Visit To a Bookstore

My mum used to hate it every time when I’d sneak into the Liberty bookstore in the Dolmen Mall. For her, I’d be lost there forever and wont come out till she’d be really angry and it was time to go home. And I think everyone I know love the feeling of soo many books stacked all around you and you don’t know where to start and what to pick first with that butterfly feeling in your stomach (except for your mum who knows you have quite a few books lying around at home that you haven’t had time to read yet!).

Anyway, last night we visited this huge bookstore in Riyadh. And it was like a dream come true! Just imagine looking at those thousands of mouth watering books and the glossy title pages or hard covers or even paperbacks stacked neatly in shelves after shelves after shelves. And all you want to do is to forget everything, and sit on the floor in the midst of all those books and just read till eternity. *sigh*

All this drooling over books in the bookstore reminded me of the time when we were in our Masters final year. In our first semester we were supposed to write one research paper. The class was divided into two groups and the incharge of our group decided to take us down in the basement of the main library of ku. The basement is one hell of a place. It has thousands and thousands and thousands of books! The smell of old paper, the shelves filled with such wisdom, such life, and such calmness that one can spend hours there without paying heed to the passage of time. Our professor asked us to stay close because cellphones don’t catch signals there and if we were lost, we might be lost forever. But seriously, that one basement is the most awesome place in the world.

How can one forget the book fair at KU and the cheap prices they offer. And the expo center book fair! I remember spending eidis at such bookfairs and the frustration of my mum as we(me and my siblings) would come home with shoppers of books, and she would say,’ye kahan rakho ge?’ Well.. I guess all our mothers have the same concerns. Hehe.

Anyway, since Dawood gets hold of everything first, I need to sacrifice my sleep in order to read those books that I’ve bought. I know all of us have crazy reading habits and even after having a baby I keep getting caught in those whirlpools where you just can’t stop reading. I remember one time my father threatened to actually tear and burn one book when he caught me reading in the candle light at around 2 am. Well, I didn’t stop reading I went downstairs and read the rest in the light from my brother’s cell phone! he he.




Religion, Culture and Literature…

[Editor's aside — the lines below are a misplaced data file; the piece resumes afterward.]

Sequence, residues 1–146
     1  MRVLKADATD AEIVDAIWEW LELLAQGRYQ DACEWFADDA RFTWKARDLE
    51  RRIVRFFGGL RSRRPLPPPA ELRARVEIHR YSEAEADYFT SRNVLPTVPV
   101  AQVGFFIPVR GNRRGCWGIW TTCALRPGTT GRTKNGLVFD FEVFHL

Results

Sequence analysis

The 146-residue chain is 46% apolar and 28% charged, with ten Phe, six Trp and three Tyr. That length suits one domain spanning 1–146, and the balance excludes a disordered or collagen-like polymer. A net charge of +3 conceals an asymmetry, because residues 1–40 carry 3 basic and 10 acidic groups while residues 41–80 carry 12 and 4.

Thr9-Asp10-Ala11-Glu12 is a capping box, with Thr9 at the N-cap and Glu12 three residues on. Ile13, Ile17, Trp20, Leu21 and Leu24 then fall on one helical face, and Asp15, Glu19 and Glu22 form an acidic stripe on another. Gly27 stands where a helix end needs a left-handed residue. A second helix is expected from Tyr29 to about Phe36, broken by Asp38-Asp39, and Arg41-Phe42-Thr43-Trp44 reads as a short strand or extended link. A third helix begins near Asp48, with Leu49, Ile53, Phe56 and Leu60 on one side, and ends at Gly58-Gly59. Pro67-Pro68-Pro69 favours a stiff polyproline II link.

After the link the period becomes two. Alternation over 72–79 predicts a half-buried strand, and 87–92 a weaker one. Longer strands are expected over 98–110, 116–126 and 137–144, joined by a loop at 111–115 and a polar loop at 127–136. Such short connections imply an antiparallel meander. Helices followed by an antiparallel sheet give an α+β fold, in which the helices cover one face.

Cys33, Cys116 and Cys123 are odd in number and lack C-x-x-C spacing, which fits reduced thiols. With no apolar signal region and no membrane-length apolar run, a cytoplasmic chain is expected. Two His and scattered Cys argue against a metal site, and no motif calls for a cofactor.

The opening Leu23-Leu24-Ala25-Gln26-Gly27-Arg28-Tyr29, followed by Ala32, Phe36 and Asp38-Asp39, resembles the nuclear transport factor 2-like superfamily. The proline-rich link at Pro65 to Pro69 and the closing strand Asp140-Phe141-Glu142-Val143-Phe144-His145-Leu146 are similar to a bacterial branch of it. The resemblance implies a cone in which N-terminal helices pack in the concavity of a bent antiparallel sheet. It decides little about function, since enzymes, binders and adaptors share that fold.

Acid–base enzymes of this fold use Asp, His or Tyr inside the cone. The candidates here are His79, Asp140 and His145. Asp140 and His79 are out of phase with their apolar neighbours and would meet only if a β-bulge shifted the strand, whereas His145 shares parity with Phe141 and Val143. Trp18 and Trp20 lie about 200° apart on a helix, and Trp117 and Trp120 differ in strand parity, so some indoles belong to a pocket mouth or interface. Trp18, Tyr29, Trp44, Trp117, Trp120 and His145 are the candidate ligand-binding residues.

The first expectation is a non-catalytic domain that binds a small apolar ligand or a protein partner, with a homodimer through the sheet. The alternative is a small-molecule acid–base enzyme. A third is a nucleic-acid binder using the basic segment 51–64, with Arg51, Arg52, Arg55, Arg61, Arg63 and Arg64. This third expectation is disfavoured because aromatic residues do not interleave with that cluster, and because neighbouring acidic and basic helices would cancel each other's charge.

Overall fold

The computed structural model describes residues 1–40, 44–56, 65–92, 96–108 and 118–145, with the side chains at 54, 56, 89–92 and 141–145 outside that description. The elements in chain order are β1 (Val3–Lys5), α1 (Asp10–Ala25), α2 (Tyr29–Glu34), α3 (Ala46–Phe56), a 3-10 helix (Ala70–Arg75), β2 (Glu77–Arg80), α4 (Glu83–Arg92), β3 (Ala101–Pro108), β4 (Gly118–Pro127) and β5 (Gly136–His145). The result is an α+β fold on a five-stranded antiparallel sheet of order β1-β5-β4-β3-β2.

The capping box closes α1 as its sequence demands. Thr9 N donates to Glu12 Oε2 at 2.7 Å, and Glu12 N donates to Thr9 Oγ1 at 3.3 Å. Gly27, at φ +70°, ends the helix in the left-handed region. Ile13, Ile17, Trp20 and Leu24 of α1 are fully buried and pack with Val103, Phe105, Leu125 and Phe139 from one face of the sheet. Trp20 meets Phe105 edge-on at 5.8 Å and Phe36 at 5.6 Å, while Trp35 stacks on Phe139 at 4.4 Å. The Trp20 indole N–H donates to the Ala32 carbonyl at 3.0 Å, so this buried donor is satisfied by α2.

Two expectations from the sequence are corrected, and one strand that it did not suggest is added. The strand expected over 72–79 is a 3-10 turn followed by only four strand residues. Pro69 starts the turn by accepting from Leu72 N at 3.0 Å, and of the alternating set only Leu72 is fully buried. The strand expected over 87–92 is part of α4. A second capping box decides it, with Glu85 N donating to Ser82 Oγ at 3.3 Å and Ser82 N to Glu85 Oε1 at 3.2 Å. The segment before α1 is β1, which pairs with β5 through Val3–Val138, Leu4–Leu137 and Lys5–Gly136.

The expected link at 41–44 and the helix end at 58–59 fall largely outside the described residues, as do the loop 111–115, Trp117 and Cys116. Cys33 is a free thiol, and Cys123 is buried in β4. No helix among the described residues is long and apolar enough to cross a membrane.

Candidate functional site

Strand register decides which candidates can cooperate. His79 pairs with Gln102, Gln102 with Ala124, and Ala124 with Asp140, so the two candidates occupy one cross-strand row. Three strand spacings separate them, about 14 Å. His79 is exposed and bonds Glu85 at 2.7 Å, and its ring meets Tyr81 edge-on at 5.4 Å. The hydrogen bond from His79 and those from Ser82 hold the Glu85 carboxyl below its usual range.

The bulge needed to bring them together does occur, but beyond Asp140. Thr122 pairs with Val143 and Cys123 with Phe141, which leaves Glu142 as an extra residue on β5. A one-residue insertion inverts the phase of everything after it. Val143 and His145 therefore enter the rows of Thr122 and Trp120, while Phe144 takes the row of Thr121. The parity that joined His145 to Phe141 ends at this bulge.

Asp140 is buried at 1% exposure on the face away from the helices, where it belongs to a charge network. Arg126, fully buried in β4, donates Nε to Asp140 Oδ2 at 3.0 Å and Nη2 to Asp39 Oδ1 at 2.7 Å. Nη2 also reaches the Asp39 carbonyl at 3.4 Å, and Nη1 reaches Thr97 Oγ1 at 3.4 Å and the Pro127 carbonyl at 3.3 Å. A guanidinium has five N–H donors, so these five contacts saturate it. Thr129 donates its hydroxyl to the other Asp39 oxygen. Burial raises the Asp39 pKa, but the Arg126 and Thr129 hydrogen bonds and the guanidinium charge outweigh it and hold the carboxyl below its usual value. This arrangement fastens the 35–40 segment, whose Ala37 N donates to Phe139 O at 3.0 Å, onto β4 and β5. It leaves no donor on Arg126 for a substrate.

I smsed my brother asking if he has “The Prince” and he replied in affirmation. I texted back saying,”I’ll be highly obliged if you can bring it”. He later commented that my “highly obliged” reflected the mentality of a slave. And I replied, “As if taking a degree in English is not a reflection enough !”

A few weeks back, a cousin of mine was asking about some symbol on orkut and her brother tried to show that he doesn’t know. And as I was standing nearby I shouted out that word loud and clear. And her brother looked at me, shocked, and then told her sister, ” that’s why I didn’t say it!” The word is commonly used but has vulgar connotations. And with this the realisation dawned upon me that I’m getting accustomed to all those words which are not a part of my culture. In the book Doing English, the author has clearly stated that with every word of a foreign language comes the whole cultural package. And with this the fear took over me. Am I falling through the bottomless pit of a foreign culture?! From then onwards I became conscious of every word that I use and am trying still to shun every word that does not reflect decency.

But how many of us actually realise that?! Last year while attending one of the presentations of the research group in our department, the professor said that not every word can be translated. In Arabic we use words which have no direct one word in English or any other language. It’s true for Urdu and other languages. And this is true for English as well. The words become terminologies! Once attending the lecture of philosophy, a professor said that we should avoid using words like “enlightenment” and “modern” because these are not words with simple meanings, for Occidentals these are terminologies that have derived from their history and culture. These words date back from the 16th and 17th Centuries, the age that Europe called The Age of Enlightenment. The shift from homo-centric to the ego-centric culture, when man became more important. And these all are not part of our culture.